Select Committee on Science and Technology Appendices to the Minutes of Evidence


Memorandum submitted by GlaxoSmithKline

  As the UK's leading healthcare company with substantial investment in research laboratories, the ability to conduct genetic research effectively and to high ethical standards is central to GSK's aim of discovering new medicines to combat diseases with unmet needs. We therefore welcome this enquiry and hope that the enclosed submission will prove a valuable contribution to the Committee's debate.


  1.  GlaxoSmithKline (GSK), the UK company recently formed from the merger of Glaxo Wellcome plc and SmithKline Beecham plc, is a world leader in the research and development of innovative, life-enhancing pharmaceuticals. The ability to conduct genetic research effectively to high ethical standards is central to GSK's commitment to:

    —  Discover new medicines to combat diseases with unmet needs.

    —  Deliver medicines to those patients likely to derive the most benefit.

  The success of GSK's efforts and the resulting health benefits are inextricably tied to the willingness of individuals to participate in genetic research.

  2.  GSK is a UK based multinational company with substantial investment in UK research laboratories and operations facilities. Accordingly, the Committee's continued interest and deliberations regarding the impact of using genetic test results for life insurance on the research environment for genetics in the UK are of profound interest to GSK.

  3.  In this regard and the broader issues of genetic research in the UK, GSK is providing evidence to the House of Lords Science and Technology Select Committee Inquiry on genetic databases and providing input to the Human Genetics Commission (HGC) in response to a recently distributed discussion document.

  4.  This memorandum provides information specifically relates to the question:

    What effect could the use of test results by insurance companies have on research in the UK?

  The other two questions posed by the Committee relate to the assessment of actuarial evidence and the regulation of insurance services. These are areas where GSK does not have specific business interests or experience and, therefore, is not qualified to comment in detail. However, GSK welcomes an approach in which all relevant stakeholders, including consumer representatives, assess the scientific and actuarial reliability and predictive value of specific single gene genetic tests before they are used for insurance purposes.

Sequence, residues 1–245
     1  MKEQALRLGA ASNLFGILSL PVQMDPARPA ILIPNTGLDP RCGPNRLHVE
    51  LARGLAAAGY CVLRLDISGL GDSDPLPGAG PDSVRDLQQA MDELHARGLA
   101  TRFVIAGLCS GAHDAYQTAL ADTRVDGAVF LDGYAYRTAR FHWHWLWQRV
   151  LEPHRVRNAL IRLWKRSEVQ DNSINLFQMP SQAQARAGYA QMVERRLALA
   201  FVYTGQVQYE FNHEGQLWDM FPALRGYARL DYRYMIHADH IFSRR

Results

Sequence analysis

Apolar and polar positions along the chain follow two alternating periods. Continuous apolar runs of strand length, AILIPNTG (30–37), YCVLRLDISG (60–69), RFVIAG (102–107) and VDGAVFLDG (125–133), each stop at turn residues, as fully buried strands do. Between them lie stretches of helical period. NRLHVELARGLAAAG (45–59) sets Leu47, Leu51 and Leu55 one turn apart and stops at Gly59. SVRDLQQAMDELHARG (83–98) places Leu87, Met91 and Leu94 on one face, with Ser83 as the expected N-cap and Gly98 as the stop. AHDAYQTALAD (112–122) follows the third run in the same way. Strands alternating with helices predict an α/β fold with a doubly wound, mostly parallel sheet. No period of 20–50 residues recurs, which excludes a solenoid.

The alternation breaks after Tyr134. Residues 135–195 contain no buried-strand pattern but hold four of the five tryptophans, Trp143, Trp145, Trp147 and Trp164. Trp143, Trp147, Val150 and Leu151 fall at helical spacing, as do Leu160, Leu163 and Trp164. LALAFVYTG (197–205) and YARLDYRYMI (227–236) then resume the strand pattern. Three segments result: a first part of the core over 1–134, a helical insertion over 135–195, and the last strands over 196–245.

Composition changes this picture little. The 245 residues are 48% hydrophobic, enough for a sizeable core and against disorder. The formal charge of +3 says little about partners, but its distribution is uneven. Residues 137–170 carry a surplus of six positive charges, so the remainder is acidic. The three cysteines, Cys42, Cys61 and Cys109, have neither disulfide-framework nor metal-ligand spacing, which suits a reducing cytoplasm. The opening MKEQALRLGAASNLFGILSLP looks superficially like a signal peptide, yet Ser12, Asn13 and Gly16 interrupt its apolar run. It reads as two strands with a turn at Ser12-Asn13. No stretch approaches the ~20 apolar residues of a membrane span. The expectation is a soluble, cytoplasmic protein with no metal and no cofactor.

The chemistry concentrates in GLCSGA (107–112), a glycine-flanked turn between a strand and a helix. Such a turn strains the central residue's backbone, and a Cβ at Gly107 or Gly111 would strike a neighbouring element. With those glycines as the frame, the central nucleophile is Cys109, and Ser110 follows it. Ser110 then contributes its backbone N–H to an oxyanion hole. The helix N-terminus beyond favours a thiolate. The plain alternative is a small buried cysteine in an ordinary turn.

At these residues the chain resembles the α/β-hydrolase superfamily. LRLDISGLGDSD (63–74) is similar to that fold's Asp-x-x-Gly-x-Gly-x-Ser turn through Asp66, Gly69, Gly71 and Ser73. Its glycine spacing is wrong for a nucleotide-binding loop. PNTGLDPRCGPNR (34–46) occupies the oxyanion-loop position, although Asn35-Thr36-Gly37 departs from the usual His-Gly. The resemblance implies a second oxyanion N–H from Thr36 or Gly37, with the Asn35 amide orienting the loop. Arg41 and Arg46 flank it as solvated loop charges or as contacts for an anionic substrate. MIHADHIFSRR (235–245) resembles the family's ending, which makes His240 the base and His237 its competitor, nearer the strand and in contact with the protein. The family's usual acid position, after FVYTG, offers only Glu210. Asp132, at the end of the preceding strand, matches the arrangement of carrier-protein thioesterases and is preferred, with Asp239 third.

5.  GSK recognises that the potential use by insurance companies of genetic information has been the source of some public concern.

  6.  In October 2000, the Genetics and Insurance Committee (GAIC) announced that the reliability and relevance of genetic tests for Huntingdon's Disease are sufficient for insurance companies to use the results when assessing applications for life insurance. This type of test for a single gene disorder detects the presence or absence of a mutation or mutations in one or both copies of a single gene, which leads to disease. Thus, there is often a strong causal relationship between the presence of the mutation and the manifestation of the disease. There are currently few, if any, effective interventions that alter the progression of many of these diseases. This gives rise to a number of ethical, legal and social considerations associated with diagnostic (symptomatic) and predictive (asymptomatic) genetic tests for single gene diseases. These issues include the:

    —  Potential for unlawful discrimination.

    —  Healthcare implications and psychological impact on patients and family members.

    —  Need for pre- and post- test genetic counselling.

  7.  Given the public concern already expressed related to genetic test results and insurance, the use of certain single gene test results by insurance companies could be perceived negatively and reduce the willingness of subjects to participate in GSK genetic research initiatives. This is despite the fact that it is made clear to potential participants in the informed consent process that: